According to reports on Tuesday, Phil Nevin lost out on the Phillies managerial job.
He also was let go by the San Francisco Giants organization. In 2017, he served as the third base coach for the Giants. He was previously the manager of the Diamondbacks’ Triple-A team, the Reno Aces. He even guided the Aces to a Pacific Coast League Championship Series berth. He also interviewed for the Houston Astros manager job after the 2015 season.
Nevin has been very involved since his playing days concluded after the 2006 season. He played in the big leagues for 12 seasons, including seven with the San Diego Padres.
Is it time to think of Phil Nevin as a possible replacement as hitting coach? Fans may be more receptive to Nevin in the Padres’ clubhouse rather than the previously suggested Barry Bonds, who is also an intriguing candidate.
In Nevin’s seven years with the Friars, he was one of the best hitters- not only on the club, but in the league. Only Greg Vaughn hit more home runs in one season as a Padre than Nevin did in 2001, when he smacked 41 dingers. He wasn’t a one-trick pony that year either, as he also hit .306 with 126 RBI and a .976 OPS. He also made the MLB All-Star team that season.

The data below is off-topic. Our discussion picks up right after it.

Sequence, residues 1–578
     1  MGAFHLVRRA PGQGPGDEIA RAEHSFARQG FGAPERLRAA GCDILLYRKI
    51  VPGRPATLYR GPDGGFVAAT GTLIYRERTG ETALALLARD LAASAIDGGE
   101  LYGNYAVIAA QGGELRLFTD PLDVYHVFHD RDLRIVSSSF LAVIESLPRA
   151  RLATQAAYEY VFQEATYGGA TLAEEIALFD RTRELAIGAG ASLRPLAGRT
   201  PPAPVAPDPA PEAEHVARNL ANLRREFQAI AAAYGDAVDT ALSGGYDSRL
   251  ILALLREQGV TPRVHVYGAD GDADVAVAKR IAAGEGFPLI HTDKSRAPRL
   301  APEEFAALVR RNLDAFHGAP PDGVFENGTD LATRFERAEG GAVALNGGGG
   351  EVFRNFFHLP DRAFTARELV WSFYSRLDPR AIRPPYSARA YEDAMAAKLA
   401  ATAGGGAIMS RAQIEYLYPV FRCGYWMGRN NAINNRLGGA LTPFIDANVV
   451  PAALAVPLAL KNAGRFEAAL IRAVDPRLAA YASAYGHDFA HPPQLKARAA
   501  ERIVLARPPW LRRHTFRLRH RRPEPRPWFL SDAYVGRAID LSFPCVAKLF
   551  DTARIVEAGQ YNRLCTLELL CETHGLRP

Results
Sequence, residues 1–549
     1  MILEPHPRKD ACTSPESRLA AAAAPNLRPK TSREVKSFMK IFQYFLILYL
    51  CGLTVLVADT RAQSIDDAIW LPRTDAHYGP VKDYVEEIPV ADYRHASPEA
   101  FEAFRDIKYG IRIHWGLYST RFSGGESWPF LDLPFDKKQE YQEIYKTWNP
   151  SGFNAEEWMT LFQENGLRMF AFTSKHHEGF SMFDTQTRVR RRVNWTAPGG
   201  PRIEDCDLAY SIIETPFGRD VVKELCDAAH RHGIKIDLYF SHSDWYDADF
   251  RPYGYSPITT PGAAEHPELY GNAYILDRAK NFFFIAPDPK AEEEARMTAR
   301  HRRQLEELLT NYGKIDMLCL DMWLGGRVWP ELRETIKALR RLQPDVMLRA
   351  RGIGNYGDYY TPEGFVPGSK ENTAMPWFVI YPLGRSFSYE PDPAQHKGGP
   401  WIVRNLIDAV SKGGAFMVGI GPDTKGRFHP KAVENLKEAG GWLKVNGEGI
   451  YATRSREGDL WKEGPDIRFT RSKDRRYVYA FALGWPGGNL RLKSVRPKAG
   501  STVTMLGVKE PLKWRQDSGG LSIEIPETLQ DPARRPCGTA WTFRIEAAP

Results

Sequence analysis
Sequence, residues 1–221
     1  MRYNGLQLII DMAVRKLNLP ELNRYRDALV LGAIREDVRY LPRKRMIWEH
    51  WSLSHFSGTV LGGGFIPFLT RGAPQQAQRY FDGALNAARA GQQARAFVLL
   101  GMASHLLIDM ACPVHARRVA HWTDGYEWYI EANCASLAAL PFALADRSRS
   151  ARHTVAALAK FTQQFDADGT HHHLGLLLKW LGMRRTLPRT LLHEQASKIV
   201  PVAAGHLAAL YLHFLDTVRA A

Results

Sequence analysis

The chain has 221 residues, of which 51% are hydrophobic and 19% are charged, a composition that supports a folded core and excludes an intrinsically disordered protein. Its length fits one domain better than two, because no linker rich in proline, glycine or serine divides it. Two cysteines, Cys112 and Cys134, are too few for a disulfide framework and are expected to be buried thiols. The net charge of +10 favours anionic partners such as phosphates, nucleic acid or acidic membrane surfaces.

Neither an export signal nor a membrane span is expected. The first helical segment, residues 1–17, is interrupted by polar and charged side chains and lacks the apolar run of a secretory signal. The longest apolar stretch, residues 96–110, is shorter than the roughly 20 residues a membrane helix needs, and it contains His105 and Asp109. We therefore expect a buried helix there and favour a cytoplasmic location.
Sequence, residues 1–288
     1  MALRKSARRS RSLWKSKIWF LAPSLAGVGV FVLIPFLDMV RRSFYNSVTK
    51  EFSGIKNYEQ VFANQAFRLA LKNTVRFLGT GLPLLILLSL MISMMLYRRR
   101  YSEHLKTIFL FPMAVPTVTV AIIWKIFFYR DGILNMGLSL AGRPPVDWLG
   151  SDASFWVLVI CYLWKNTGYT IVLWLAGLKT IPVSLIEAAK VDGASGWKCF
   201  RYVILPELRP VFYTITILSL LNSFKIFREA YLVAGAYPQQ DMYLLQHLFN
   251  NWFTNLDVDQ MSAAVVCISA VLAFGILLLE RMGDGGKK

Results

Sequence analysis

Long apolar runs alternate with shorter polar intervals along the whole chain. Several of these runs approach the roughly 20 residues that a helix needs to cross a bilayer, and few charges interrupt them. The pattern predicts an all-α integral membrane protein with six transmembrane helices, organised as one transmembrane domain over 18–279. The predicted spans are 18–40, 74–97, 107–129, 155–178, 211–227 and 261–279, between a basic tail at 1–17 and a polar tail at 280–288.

He played with the Padres until he was traded at the deadline in 2005 to the Texas Rangers for Chan Ho Park. He finished his Padres career with 156 home runs, which currently sits at third on San Diego’s all-time list.
The Padres have gone through many hitting coaches. Alan Zinter is the most recent victim of the black hole. The new hitting coach will be the fourth under manager Andy Green, who will be heading into his third season as the Friars’ skipper next spring.
The Padres have been consistently horrible at hitting. In fact, the Friars have finished dead last in team batting every year since 2014. Playing musical hitting coaches over that span sure hasn’t helped, as the music hasn’t stopped.
Phil Nevin should at least be in the running. He has minor league managerial experience and seems to be well-respected around the league. Plus, he was one of the best power hitters the Padres have ever had. It sure would be fun to have him and one of the best power hitters of all-time, Mark McGwire, in the same dugout. These young hitters the Padres have would really benefit from a name they perhaps heard of growing up. It would be easier for them to look up to someone who they know was an accomplished San Diego Padre.